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Questions and Answers on 501(c) Organizations

May 15, 2013

The IRS has received a variety of questions related to the exempt organization issues recently raised. Here are some basics on the issue.

1. What are the issues raised in the recent Treasury Inspector General for Tax Administration (“TIGTA”) report?

The issues relate to the application process for organizations seeking tax-exempt status. Part of the IRS’s responsibility is to review applications of organizations seeking tax-exempt status. Section 501(c)(3) organizations are required to get IRS approval. Others, including section 501(c)(4) organizations, are not required to get IRS approval, but often seek it.

2. Do the issues raised in the recent report relate to audits/ examinations?

No, the issues relate to the approval process of organizations that applied to the IRS for recognition of tax-exempt status. 

3. What does the IRS look for in the approval process? 

The IRS’s role is to determine whether organization meets the legal requirements for tax-exempt status. One requirement relates to the amount of political campaign intervention (“political activity”) that tax-exempt organizations may engage in. Section 501(c)(3) organizations are prohibited from engaging in any political activity. Other organizations, including section 501(c)(4) organizations, may only engage in a limited amount of political activity. 

4. Where does an organization send its application for tax-exemption?

All applications are sent to the IRS Determinations Office in Cincinnati. This office receives approximately 70,000 applications for tax-exempt status of all kinds each year. This includes applications from section 501(c)(3) and section 501(c)(4) organizations. This office, which includes fewer than 200 people working directly on applications, is primarily responsible for working determination applications. Determinations staff may consult with tax law specialists in Washington on how the law applies to their case.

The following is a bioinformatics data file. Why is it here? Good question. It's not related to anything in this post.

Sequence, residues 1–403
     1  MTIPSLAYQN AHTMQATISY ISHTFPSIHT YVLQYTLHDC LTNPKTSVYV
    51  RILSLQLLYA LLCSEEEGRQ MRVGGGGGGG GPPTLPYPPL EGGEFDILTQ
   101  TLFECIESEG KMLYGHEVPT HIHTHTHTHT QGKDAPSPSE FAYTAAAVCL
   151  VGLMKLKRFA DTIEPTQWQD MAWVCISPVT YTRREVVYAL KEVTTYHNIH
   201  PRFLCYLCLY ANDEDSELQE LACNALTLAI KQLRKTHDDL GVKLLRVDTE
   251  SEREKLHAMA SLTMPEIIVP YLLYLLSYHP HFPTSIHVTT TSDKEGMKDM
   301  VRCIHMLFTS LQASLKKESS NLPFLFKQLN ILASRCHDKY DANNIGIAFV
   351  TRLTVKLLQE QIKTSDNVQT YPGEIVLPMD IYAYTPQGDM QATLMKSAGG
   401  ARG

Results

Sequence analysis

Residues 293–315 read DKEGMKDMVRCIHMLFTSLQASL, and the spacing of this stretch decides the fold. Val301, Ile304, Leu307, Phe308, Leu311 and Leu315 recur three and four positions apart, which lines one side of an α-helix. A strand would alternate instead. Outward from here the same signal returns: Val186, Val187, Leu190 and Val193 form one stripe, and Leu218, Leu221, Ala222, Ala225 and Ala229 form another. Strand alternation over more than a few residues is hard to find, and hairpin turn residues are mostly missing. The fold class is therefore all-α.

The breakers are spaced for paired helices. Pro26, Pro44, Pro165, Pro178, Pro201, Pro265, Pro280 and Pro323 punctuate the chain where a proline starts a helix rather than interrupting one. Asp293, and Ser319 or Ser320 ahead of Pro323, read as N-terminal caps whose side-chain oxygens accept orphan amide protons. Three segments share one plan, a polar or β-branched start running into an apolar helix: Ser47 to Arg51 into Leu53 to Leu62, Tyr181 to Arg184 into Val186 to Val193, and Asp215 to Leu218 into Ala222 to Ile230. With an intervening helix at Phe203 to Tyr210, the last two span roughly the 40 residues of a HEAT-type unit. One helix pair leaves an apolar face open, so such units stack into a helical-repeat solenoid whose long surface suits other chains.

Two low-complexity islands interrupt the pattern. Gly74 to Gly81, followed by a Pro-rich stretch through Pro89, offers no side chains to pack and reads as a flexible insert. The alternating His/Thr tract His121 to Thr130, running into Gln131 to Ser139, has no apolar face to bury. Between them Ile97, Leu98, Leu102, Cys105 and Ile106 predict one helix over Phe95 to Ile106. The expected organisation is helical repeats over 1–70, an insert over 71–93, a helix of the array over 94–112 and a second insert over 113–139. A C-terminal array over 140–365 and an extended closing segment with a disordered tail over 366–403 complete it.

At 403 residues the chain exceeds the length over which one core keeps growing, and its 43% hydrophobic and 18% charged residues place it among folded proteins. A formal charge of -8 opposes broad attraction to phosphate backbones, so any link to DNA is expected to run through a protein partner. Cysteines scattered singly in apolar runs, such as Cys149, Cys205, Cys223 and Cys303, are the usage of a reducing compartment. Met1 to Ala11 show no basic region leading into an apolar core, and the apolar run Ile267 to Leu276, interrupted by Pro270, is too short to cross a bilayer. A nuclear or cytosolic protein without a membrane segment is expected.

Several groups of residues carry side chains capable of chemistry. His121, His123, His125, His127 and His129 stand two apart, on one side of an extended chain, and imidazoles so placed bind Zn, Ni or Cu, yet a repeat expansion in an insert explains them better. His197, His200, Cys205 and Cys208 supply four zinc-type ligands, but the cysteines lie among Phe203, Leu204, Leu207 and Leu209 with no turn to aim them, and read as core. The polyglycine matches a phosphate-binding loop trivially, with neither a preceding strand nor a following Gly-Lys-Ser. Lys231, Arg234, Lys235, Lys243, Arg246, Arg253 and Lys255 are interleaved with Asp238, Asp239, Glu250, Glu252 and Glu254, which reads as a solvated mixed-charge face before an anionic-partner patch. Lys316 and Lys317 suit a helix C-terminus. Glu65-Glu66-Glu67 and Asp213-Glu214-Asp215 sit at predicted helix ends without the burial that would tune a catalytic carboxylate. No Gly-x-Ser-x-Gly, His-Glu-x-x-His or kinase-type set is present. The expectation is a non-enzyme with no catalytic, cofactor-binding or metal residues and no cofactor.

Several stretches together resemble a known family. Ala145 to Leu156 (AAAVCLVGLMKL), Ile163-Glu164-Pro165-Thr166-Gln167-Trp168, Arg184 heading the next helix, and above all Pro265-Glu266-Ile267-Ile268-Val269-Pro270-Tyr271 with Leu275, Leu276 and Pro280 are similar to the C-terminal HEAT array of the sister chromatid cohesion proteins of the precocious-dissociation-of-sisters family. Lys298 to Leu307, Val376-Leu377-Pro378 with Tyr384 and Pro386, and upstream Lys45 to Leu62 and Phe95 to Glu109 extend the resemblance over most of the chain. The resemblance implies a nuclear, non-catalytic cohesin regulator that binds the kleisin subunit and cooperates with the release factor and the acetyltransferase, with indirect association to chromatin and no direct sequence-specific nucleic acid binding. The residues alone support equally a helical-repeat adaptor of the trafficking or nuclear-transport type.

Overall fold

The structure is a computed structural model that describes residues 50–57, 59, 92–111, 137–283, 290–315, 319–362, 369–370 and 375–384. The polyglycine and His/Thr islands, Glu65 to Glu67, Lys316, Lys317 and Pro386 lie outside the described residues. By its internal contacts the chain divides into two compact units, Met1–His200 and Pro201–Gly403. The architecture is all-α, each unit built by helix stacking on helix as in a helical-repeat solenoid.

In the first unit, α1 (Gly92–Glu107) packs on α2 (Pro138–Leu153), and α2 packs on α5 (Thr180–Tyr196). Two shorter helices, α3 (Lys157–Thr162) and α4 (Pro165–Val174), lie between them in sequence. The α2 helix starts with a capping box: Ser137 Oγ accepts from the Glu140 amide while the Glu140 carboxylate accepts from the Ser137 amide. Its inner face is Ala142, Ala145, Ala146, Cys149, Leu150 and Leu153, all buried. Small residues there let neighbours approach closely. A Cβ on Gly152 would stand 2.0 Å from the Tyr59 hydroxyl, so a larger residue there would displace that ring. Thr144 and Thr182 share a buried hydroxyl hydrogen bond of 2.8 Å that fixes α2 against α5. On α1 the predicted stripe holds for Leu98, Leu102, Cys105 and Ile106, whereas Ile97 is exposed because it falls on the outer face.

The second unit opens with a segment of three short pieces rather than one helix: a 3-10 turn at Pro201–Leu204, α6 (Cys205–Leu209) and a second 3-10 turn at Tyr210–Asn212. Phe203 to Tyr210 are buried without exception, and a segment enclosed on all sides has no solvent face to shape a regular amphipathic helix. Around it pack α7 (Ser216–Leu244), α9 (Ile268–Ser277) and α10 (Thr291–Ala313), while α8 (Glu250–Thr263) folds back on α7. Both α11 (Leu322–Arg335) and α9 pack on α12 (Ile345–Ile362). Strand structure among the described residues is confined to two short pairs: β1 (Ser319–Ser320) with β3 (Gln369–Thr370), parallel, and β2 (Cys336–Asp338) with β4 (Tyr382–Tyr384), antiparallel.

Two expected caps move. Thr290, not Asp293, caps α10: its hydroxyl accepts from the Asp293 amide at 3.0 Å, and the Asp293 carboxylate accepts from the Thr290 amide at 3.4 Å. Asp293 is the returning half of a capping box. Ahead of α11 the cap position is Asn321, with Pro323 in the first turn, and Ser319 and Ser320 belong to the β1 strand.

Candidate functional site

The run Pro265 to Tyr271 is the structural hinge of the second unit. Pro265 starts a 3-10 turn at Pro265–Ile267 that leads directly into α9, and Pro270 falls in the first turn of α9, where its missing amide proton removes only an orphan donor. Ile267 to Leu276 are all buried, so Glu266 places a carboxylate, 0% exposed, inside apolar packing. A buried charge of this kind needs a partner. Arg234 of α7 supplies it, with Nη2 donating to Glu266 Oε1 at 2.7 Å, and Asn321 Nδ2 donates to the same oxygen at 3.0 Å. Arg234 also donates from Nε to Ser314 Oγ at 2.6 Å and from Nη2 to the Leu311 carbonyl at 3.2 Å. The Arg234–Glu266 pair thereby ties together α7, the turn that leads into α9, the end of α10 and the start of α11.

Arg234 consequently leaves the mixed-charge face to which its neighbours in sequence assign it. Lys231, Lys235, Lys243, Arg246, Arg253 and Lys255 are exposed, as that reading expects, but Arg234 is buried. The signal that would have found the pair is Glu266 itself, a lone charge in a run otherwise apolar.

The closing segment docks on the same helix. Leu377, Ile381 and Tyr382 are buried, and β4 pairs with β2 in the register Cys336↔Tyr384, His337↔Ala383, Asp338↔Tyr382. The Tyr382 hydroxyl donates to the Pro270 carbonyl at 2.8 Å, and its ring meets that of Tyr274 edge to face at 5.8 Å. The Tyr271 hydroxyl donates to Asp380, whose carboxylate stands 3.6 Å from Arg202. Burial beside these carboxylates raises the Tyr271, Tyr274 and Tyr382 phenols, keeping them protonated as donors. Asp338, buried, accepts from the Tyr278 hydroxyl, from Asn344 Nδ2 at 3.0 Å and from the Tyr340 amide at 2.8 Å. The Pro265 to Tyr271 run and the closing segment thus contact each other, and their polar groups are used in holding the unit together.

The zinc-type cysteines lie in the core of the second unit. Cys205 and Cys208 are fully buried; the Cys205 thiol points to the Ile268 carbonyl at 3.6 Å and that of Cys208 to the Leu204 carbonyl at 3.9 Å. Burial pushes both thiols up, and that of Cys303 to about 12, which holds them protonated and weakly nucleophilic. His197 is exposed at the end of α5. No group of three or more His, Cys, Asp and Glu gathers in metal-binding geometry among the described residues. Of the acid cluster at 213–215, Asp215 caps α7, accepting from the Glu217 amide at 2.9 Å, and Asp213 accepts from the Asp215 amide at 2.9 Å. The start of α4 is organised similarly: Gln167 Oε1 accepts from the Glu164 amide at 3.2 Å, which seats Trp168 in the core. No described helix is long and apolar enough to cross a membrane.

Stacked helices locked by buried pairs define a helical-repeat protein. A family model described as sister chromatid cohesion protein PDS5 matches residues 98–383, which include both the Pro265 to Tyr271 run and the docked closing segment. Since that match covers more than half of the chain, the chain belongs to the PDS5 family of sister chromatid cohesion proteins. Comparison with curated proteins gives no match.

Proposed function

5. Has the IRS seen an increase in the number of applications in which the organization is potentially engaged in political activity?

Yes, the IRS has seen an increase in the number of section 501(c)(4) applications in general. The number of applications has more than doubled in recent years. In addition, the IRS has seen an increase in the number of tax-exempt organization applications in which the organization is potentially engaged in political activity. This includes both section 501(c)(3) and section 501(c)(4) organizations.

6. How did the IRS handle the increase in the number of applications from organizations that appeared to be engaged in political activity?

As done in the past in other situations, such as credit counseling and down payment assistance), the IRS selected cases using identified criteria so that cases needing further review would be worked consistently. This means that cases meeting the selection criteria were centralized and assigned to designated employees developing expertise in the area so that they could be worked in a fair and consistent manner. 

7. How are decisions made regarding what cases should be centralized in this area?